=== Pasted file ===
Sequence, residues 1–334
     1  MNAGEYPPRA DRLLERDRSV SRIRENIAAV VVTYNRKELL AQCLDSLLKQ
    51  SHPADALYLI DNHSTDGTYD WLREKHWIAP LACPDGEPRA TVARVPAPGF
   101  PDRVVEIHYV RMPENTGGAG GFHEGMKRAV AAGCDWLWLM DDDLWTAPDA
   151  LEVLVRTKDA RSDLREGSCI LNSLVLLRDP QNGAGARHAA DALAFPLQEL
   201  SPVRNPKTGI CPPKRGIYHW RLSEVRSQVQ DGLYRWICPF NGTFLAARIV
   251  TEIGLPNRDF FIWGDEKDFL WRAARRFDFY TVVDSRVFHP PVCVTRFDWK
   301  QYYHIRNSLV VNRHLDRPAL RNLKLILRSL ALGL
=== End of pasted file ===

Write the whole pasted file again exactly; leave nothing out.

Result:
Sequence, residues 1–334
     1  MNAGEYPPRA DRLLERDRSV SRIRENIAAV VVTYNRKELL AQCLDSLLKQ
    51  SHPADALYLI DNHSTDGTYD WLREKHWIAP LACPDGEPRA TVARVPAPGF
   101  PDRVVEIHYV RMPENTGGAG GFHEGMKRAV AAGCDWLWLM DDDLWTAPDA
   151  LEVLVRTKDA RSDLREGSCI LNSLVLLRDP QNGAGARHAA DALAFPLQEL
   201  SPVRNPKTGI CPPKRGIYHW RLSEVRSQVQ DGLYRWICPF NGTFLAARIV
   251  TEIGLPNRDF FIWGDEKDFL WRAARRFDFY TVVDSRVFHP PVCVTRFDWK
   301  QYYHIRNSLV VNRHLDRPAL RNLKLILRSL ALGL